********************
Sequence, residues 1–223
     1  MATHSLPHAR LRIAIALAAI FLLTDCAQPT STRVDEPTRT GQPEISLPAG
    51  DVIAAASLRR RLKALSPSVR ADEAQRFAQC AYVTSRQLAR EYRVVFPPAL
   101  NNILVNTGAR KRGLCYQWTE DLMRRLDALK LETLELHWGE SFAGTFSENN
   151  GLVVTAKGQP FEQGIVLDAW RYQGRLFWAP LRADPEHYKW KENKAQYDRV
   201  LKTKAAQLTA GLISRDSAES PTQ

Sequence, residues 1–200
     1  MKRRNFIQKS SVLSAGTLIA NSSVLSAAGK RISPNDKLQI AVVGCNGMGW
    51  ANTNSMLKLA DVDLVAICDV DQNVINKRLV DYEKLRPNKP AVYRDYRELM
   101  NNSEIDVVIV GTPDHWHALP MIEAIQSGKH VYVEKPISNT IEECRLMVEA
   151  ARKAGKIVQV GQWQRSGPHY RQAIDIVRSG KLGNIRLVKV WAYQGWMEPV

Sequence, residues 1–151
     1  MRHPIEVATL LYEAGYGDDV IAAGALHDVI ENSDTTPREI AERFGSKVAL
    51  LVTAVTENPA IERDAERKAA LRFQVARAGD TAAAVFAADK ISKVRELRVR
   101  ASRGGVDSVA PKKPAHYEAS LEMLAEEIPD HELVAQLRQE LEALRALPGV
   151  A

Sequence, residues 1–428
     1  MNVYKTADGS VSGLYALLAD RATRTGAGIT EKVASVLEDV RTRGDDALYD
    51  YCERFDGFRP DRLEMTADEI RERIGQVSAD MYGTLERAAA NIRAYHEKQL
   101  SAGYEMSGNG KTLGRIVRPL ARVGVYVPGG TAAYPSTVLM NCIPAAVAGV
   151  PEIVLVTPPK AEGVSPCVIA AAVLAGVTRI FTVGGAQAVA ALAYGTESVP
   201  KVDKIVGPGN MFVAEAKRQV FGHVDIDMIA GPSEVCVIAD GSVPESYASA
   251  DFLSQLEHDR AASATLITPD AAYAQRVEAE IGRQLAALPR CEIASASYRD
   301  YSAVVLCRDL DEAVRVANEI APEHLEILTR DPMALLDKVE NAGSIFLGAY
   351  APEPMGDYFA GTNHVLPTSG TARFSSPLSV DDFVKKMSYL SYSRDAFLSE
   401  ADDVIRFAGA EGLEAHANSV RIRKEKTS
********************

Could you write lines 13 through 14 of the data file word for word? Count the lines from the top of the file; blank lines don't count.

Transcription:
     1  MRHPIEVATL LYEAGYGDDV IAAGALHDVI ENSDTTPREI AERFGSKVAL
    51  LVTAVTENPA IERDAERKAA LRFQVARAGD TAAAVFAADK ISKVRELRVR